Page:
So from Emin I drew her emotions and the fluidity of technique from drawing and painting to embroidery and installation. I embraced the outwardly chaotic appearance of Emin’s art and hopefully showed Justine’s process of making it; sometimes chaotic, but also considered. To that I added the Spanish link. Pablo Picasso was born in Málaga – near to where I spend part of the year – and I decided to use this link [more art museums to visit!] to add an unpredictable twist to Justine’s student story in 1983. Picasso brought artistic gravitas to my research and to Justine he brought collage, the technique that introduces the teenager to her artistic path.

Ceramic jug decorated with fauns, by Pablo Picasso 1951 [photo: Musee National Picasso-Paris]
As a teenager, Justine experiences a torment of betrayal, jealousy and anger and begins to paint outdoors. Here’s a short excerpt that in my head is set on a clifftop footpath on Bempton Cliffs in Yorkshire, where I grew up:

Knowing she might throw up, Justine ran until she had no breath left, sinking to the ground with a puff of summer dust. She cried for a long time, for lost love and lost friendship and then, recognising betrayal, she got angry. She opened her satchel and took out a sheet of drawing paper, orange furry pencil case and tube of paper glue. She weighed down the paper with lumps of chalk culled from beside the path and then, careless of the dust and grass seed flowing freely in the soft breeze, she created her first collage. A tangle of gull feathers, grass, dock leaves and smears of mud made of the dusty earth mixed with tears. She carried the half-finished jumble to her father’s shed where she carefully dismantled it, sorted and re-assembled it, fixing it together permanently with some plaster-like stuff from his workbench. She rescued a Frosties cereal packet from the dustbin and then, imagining it was the boy’s A-grade physics essay of which he’d been so proud, she tore it into strips. She sat holding a felt tip pen feeling empty of words until they spilled forth from a subconscious thesaurus: Traitor. Betrayal. Envy. Hurt. Jealousy. Theft. Unfair. Friend. Pain. Lies.”

About ‘Connectedness’

TO THE OUTSIDE WORLD, ARTIST JUSTINE TREE HAS IT ALL… BUT SHE ALWAYS HAS A SECRET THAT THREATENS TO DESTROY EVERYTHING

Book cover of Correctness by Sandra Danby

Justine’s art sells around the world, but does anyone truly know her? When her mother dies, she returns to her childhood home in Yorkshire where she decides to confront her past. She asks journalist Rose Haldane to find the baby she gave away when she was an art student, but only when Rose starts to ask difficult questions does Justine truly understand what she must face.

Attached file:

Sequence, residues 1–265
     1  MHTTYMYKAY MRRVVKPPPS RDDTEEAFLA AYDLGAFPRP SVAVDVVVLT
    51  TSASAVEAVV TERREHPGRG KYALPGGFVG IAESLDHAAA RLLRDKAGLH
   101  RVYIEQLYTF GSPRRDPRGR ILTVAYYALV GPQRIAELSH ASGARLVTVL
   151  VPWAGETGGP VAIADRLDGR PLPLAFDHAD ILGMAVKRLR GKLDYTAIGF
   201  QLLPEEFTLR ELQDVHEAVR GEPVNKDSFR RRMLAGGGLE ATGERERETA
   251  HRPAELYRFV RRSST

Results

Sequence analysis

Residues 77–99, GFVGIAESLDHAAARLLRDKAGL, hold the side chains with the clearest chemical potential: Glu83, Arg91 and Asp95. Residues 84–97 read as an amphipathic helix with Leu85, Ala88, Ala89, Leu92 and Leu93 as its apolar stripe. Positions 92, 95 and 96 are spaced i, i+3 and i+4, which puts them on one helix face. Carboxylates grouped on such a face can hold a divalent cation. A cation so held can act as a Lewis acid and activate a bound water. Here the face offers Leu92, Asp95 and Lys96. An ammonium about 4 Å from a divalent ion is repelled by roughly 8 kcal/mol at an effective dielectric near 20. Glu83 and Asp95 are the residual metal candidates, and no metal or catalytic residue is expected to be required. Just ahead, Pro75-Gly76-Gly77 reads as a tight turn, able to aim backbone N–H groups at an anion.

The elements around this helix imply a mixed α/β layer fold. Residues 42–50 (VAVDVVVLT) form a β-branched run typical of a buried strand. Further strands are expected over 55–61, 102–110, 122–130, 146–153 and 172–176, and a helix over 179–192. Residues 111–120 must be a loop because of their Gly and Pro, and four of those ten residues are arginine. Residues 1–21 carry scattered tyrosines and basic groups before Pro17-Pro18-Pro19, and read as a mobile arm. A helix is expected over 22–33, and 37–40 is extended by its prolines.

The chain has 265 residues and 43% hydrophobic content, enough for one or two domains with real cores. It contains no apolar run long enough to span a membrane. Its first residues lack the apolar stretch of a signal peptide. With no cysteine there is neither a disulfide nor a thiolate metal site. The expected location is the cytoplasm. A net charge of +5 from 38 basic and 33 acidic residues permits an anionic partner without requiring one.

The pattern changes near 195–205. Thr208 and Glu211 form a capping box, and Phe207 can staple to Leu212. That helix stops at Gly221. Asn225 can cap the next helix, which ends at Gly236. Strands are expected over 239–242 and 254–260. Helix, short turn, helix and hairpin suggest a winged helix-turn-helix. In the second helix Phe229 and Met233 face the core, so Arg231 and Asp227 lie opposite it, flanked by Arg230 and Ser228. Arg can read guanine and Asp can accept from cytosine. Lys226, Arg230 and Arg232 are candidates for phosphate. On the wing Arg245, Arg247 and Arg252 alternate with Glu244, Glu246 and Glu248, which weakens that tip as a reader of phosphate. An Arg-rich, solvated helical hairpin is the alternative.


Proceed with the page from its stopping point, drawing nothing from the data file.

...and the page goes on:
Is Justine strong enough to admit the secrets and lies of her past? To speak aloud the deeds she has hidden for 27 years, the real inspiration for her work that sells for millions of pounds. Could the truth trash her artistic reputation? Does Justine care more about her daughter, or her art? And what will she do if her daughter hates her?

This tale of art, adoption, romance and loss moves between now and the Eighties, from London’s art world to the bleak isolated cliffs of East Yorkshire and the hot orange blossom streets of Málaga, Spain.

A family mystery for fans of Maggie O’Farrell, Lucinda Riley, Tracy Rees and Rachel Hore.

An extract from ‘Connectedness’

Prologue

London, September 2009

The retired headmistress knew before she opened the front door that a posy of carnations would be lying on the doorstep beside the morning’s milk bottle. It happened on this day, every year. September 12. And every year she did the same thing: she untied the narrow ribbon, eased the stems loose and arranged the frilled red flowers in her unglazed biscuit-ware jug. Then she placed the jug on the front windowsill where they would be visible from the street. Her bones ached more now as she bent to pick them up off the step than the first year the flowers arrived. She had an idea why the carnations appeared and now regretted never asking about them. Next year, someone else would find the flowers on the doorstep. In a week’s time she would be living in a one-bedroom annexe at her son’s house in a Hampshire village. She walked slowly back to her armchair beside the electric fire intending to tackle The Times crossword but hesitated, wondering if the person who sent the flowers would ever be at peace.